Blue Rider, 1909 by Wassily Kandinsky

The New Society of Munich Artists proved to be fertile ground for the dissemination of new ideas at a time when Kandinsky was seeking a new language in his art as he moved inexorably towards Abstraction, The society staged a number of exhibitions. In the second such exhibition in 1910, Kandinsky brought a large number of works in from Holland and France by Fauve artists such as Matisse, the Cubist artists Pablo Picasso (1881-1973) and Georges Braque (1882-1963), representing a truly international array to a Munich that needed revitalizing.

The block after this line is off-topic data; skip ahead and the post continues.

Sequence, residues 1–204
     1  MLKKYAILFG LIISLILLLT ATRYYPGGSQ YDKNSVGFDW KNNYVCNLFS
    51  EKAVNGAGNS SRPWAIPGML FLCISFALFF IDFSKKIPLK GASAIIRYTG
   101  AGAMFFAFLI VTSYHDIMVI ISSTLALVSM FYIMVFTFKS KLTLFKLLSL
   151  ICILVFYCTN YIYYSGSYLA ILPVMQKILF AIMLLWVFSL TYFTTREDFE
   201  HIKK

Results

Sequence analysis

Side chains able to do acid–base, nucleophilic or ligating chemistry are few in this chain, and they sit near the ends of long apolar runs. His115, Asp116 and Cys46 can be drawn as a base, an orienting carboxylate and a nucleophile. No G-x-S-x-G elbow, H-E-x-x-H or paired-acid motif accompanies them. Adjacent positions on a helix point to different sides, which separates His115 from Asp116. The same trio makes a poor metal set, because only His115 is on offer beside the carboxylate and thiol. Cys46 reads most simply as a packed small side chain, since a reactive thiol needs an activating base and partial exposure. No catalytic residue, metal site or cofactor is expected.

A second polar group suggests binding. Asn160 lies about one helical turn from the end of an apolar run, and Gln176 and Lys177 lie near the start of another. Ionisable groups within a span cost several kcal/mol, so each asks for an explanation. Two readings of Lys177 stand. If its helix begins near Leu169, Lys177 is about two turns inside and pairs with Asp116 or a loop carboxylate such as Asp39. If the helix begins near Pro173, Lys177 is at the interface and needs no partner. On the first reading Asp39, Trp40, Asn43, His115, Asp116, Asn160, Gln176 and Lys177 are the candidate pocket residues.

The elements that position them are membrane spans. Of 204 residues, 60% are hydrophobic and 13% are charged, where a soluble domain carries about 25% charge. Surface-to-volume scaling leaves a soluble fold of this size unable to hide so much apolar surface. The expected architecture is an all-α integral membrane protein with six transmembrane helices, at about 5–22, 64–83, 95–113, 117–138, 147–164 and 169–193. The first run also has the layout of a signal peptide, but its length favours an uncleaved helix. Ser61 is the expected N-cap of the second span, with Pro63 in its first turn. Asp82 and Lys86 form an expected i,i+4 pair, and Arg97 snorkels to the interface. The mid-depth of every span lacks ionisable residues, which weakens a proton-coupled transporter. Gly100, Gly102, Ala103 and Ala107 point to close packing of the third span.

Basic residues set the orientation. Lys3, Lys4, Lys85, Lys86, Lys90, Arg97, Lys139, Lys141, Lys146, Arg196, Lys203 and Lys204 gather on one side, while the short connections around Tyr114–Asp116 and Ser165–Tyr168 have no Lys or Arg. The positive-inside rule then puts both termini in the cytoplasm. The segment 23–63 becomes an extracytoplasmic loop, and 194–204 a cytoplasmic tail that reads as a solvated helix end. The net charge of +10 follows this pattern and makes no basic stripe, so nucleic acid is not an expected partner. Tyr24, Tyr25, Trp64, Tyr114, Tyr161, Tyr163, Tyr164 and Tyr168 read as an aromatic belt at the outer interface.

Also at this time, Kandinsky began discussing co-operative qesamtkunstwerk ideas for the stage with the Munich Artists' Theatre, One of the most interesting ideas for Kandinsky's own development as an artist was the discovery of verre eglomise (gilded glass) work known in Bavaria as hinterqlasmalerei. These glass paintings were developed during the medieval period, but the technique had been used in the nineteenth century, particularly in Bavaria, for decorative panels. What attracted Kandinsky was the simplified forms, often patchwork in style with an abstract quality, Gabriele Munter visited Heinrich Rambold (1872-1955) in Murnau to learn the technique, and taught it to Kandinsky. The style of these traditional folk-art paintings is replicated in this work, albeit as oil on canvas.